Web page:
– a £26mill investment – this money has been raised by people with good ideas like Tim Burley, Kane Moore, Celine Gagnon, Jo Hunter, Sarah Golding, with Rebecca Holt leading BAC’s relationship with Aviva with incredible skill and savvy, David Baker from Aviva ensuring we were able to get a payout to restore the Grand Hall and Lower Hall, and members of our Board like Bruce Thompson and a very skilled group of practitioners guiding us through, along with trustees who have helped raise more funds
– commissioning/co-producing with artists – this one refers to lots of artists who have been successful out of BAC – it’s worth noting how these artists were invited to BAC and worked with at BAC – such as 1927 who Lynette Moran first noticed in an Apples and Snakes night and then Shelley Hastings closely with for a number of years; Nic Green – Shelley Hastings and Richard Dufty; Taylor Mac – Shelley Hastings; Punchdrunk – Laura McDermott, now at Attenborough Centre, produced Masque of Red Death; Polarbear –Richard Dufty, Sarah Golding and Rosie Scudder; Kate Tempest – Sophie Bradey produced Brand New Ancients; Inua Ellams – Richard Dufty and of course before she left to set-up Fuel, Kate McGrath; Paper Cinema – Liz Moreton, Richard Dufty and Rosie Scudder; Little Bulb – Liz Moreton and Richard Dufty; Kneehigh – Shelley Hastings and Sophie Bradey; Dead Centre and Chris Thorpe/Rachel Chavkin – Shelley Hastings; Amy Leon and Bryony Kimmings – Bethany Haynes; Touretteshero – Sophie Bradey introduced them to BAC and worked with them before she became a freelance producer.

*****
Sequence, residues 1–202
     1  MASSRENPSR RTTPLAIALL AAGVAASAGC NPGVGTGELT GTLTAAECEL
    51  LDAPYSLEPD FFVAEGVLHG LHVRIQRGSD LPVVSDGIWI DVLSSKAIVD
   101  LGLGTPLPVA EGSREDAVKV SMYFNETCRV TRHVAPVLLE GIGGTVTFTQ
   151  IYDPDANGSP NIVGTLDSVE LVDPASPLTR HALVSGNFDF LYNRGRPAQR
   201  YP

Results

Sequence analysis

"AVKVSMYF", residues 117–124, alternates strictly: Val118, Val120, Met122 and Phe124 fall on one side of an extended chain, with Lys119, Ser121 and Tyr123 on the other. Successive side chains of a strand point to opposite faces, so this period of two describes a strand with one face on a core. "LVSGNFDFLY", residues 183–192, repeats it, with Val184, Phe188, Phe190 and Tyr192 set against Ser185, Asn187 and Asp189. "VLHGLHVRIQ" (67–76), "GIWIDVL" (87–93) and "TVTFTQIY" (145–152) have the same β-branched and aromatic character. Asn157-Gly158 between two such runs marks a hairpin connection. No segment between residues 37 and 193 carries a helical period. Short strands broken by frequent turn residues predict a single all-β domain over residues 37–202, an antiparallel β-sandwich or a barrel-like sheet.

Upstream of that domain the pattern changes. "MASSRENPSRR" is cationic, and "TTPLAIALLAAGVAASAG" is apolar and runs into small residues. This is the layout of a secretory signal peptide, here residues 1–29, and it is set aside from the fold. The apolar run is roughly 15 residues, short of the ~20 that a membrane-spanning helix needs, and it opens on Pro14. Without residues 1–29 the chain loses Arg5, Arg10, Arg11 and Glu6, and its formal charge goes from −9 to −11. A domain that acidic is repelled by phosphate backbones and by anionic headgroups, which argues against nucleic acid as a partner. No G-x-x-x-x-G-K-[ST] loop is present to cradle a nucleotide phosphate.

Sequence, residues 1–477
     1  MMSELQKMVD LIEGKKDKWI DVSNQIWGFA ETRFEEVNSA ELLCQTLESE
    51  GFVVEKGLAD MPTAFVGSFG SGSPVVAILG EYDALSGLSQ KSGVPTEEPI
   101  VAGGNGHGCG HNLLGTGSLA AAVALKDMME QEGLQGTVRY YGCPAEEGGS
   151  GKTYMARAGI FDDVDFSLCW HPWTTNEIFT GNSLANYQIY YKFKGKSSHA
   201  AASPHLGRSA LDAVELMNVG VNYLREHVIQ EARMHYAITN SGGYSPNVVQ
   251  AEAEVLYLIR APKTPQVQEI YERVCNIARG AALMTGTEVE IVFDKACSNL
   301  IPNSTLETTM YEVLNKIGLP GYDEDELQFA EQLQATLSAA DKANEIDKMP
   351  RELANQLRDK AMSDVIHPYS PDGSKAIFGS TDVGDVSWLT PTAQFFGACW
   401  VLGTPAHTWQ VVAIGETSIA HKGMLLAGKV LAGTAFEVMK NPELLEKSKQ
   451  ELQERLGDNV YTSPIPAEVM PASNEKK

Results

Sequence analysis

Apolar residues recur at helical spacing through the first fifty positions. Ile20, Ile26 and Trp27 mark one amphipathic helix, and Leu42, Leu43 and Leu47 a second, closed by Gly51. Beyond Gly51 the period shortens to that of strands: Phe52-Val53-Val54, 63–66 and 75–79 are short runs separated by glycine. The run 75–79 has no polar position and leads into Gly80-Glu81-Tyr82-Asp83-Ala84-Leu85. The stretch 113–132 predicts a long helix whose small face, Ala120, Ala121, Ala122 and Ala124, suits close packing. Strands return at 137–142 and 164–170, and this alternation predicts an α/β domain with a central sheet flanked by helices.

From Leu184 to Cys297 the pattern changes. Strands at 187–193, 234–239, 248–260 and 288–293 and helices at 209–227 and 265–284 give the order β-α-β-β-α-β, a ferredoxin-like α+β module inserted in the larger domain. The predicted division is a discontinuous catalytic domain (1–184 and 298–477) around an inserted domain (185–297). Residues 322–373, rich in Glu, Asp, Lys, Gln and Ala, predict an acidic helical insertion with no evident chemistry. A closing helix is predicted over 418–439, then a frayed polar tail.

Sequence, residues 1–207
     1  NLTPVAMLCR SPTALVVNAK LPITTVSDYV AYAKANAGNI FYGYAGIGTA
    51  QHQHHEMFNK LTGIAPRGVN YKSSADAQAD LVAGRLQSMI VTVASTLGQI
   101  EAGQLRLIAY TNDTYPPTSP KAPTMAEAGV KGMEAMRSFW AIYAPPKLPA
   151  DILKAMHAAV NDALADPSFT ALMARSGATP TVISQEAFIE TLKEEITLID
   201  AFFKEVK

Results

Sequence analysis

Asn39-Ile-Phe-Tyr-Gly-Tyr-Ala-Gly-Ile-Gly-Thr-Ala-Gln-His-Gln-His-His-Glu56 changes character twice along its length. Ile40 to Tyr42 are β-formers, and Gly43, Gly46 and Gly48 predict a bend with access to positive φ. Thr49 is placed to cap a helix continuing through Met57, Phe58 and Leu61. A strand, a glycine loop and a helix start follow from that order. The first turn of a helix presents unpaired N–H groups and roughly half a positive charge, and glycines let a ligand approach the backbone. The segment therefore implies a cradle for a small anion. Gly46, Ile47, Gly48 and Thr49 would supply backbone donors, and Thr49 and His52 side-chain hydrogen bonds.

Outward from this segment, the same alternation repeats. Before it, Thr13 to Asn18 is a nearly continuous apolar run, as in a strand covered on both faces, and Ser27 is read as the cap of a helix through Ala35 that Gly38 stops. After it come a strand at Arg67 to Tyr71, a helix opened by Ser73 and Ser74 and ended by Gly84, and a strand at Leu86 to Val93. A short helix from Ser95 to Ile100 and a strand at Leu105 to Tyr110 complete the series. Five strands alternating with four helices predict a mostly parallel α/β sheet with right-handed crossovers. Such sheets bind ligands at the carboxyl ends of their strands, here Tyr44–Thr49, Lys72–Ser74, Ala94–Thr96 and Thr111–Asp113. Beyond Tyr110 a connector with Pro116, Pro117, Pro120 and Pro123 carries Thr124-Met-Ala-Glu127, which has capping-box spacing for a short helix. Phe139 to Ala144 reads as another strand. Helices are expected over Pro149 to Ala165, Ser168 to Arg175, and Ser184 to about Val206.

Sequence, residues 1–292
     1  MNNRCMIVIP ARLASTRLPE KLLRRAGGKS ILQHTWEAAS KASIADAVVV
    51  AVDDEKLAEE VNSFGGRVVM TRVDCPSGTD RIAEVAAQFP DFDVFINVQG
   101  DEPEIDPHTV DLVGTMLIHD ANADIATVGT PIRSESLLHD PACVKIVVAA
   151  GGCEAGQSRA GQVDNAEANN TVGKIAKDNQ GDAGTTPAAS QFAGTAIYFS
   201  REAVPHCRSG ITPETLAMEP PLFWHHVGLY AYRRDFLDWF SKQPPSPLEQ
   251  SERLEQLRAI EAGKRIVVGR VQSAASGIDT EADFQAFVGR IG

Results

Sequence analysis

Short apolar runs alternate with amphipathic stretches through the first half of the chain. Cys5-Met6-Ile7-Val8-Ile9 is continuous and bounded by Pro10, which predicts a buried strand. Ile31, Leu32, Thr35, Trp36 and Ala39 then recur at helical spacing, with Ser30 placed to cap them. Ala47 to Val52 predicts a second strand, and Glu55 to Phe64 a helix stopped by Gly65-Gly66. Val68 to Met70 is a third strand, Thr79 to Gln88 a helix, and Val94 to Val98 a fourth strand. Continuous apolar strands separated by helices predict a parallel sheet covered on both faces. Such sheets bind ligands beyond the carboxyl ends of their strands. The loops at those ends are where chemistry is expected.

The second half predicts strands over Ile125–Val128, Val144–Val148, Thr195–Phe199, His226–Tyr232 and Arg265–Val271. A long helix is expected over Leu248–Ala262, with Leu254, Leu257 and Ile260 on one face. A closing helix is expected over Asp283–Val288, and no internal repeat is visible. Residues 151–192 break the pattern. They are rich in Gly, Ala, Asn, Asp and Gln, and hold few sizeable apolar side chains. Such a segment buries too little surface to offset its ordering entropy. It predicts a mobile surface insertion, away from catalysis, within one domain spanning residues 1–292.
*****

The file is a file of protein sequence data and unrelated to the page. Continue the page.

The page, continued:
– merger with Wandsworth Museum and the creation of the new BAC Moving Museum with new national programmes such as Creative Museums – this was led by Rebecca Holt, Sarah Golding and Bethany Haynes, including Sue Walker who worked at Wandsworth Museum and Michelle Welbourn, and lots of trustees for both organisations, like Michael Day, our chair, working out how to make it work, and supported by Lucy Parker
– the Scratch Hub as a home for the creative industries – led by Liz Moreton, designed and created Gary Campbell and Jeannine Inglis-Hall, now led by Maddie Wilson and her team